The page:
3 Ways Niche Verticals Get a Bigger Social Media Impact

July 8, 2016

11:00 am

Given the recent news about Facebook’s algorithm switch-ups — they now prioritize posts shared by friends and family over posts directly from news pages — my recommendation was to diversify social media platforms beyond focusing on the heavy-hitter, Facebook. But there’s another way to diversify: Adding more pages or accounts within a single platform.

By splitting up into multiple niche verticals, brands and companies can better connect with a picky audience who might not be interested in one aspect of a company even though they love another.

Niche Verticals Give You More Data to Play With

Buzzfeed publisher Dao Nguyen, in an interview with Fast Company, discussed Buzzfeed’s approach: They have 90 Facebook pages, on topics ranging from “Buzzfeed Geeky” to “Buzzfeed Weddings.” Plenty of pages point to existing Buzzfeed verticals, but others simply live on Facebook. The data comes in handy, Nguyen explains:

“We track all of the posts, the stats they generate. We can look at traditional things, like when is the best time to post? And how does using video for certain Facebook pages affect fan growth? And how the rates are different between pages. We can use that to optimize what pages we post videos on. And then how it gets re-shared by bigger pages. Like, how do you use a big page to grow a small page? What media do you want to use? Why do some fans on some pages seem to respond better to videos versus other pages? What is the breakdown? Is it a demo breakdown?”

Niche Verticals Get Better Engagement

The data was in even before Facebook tweaked its feed to focus on shareable content: Viewers engage better when they follow a more specific vertical from a brand. Here’s Digiday on the Huffington Posts’s 79 Facebook pages:

“A smaller page with a more engaged audience is more likely to land its content in more of its followers’ feeds. In other words, a smaller Facebook page can actually be a more effective one. This video about feminism got 1.5 million views on the main Huffington Post channel and 3.7 million views when posted to HuffPost Women, where the follower count is a fifth of the main page’s.”

It Works for Startups, too!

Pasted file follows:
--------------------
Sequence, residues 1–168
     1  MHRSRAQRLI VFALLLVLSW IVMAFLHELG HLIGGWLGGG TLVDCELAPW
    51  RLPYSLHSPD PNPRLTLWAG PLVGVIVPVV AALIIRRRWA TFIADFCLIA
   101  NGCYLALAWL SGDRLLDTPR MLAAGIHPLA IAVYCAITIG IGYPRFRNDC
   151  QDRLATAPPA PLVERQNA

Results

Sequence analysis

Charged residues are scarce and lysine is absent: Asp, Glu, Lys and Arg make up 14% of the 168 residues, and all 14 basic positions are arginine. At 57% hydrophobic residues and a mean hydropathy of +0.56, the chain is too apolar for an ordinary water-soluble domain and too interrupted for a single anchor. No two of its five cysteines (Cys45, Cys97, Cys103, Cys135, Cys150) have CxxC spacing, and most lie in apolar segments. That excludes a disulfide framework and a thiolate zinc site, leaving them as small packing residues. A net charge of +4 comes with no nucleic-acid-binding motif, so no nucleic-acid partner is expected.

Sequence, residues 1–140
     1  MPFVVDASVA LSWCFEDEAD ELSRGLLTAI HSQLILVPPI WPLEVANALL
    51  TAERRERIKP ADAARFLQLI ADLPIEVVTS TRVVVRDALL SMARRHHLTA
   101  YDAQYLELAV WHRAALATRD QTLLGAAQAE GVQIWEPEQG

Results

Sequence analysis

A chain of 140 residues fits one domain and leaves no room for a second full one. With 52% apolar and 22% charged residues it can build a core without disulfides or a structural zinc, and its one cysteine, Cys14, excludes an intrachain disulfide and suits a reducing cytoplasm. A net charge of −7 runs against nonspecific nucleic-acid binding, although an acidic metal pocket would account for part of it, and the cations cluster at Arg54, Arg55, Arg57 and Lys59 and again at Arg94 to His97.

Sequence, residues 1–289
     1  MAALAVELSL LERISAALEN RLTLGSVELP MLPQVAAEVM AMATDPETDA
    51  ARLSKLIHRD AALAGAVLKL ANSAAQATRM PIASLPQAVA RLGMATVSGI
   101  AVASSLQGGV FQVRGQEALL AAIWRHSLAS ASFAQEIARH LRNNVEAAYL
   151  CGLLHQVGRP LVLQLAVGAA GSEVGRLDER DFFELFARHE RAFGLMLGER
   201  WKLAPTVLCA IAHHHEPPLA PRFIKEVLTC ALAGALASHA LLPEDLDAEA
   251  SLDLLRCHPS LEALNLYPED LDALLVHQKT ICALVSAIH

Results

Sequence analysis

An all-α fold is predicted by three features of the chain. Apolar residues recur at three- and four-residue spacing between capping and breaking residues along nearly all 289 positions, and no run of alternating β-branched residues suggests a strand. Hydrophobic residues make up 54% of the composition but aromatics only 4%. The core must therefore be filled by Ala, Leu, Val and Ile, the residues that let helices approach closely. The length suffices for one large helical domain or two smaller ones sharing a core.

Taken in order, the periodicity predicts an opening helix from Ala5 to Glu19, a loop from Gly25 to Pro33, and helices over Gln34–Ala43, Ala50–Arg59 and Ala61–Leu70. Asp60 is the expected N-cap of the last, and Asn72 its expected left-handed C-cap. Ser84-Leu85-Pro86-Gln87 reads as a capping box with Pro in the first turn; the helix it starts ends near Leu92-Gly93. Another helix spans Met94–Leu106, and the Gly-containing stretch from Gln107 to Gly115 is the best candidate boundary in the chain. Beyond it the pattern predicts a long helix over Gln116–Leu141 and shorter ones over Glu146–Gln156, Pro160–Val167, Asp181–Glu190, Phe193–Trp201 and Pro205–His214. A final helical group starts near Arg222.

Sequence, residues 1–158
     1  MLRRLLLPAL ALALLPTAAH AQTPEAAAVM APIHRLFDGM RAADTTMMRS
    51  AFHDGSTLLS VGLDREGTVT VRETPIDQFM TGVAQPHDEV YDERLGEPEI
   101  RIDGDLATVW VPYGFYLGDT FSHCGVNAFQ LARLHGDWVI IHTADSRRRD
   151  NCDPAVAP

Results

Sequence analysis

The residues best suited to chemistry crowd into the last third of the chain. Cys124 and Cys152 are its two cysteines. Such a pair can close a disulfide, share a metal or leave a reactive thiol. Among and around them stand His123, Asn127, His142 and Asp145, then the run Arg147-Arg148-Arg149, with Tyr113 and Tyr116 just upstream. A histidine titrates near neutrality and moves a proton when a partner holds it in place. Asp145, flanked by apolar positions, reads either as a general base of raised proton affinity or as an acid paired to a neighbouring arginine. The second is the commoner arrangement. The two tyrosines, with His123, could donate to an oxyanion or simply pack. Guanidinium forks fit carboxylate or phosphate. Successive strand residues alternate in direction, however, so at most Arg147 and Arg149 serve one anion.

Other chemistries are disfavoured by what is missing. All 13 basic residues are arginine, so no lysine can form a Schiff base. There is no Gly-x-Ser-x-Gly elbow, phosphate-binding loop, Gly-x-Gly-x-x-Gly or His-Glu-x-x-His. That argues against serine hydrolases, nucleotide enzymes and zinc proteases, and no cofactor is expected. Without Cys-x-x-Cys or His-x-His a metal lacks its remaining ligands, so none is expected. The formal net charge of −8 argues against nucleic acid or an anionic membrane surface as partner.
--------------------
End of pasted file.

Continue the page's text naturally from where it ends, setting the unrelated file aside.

You’re not Buzzfeed or HuffPo, I know. But splitting up into niche verticals works well for a medium to large company, too: Different departments can get their own feeds, using them to better explore what their specific jobs within the company are. John White, brand ambassador for startup social media network and blogging platform beBee, offered the same advice at Inc.com recently:

“I am an advocate for opening up multiple Twitter accounts for your startup and tweeting from all of them. Having multiple distribution channels on Twitter expands the viewership of your company’s content and message.

Tweeting from more than one account makes your company more discoverable and boosts your SEO. Consider that each Twitter account for your business will be growing a unique set of followers. Having multiple accounts allows you to establish an online presence faster and close the gap between your more established competitors’ networks.”

You’ll need to have the scale to keep up on the data and posting duties, of course, but dividing might just be the path to conquering.

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Adam is a writer with an interest in a variety of mediums, from podcasts to comic books to video essays to novels to blogging — too many, basically. He's based out of Seattle, and remains a staunch defender of his state's slogan: "sayWA." In his spare time, he recommends articles about science fiction on Twitter, @AdamRRowe

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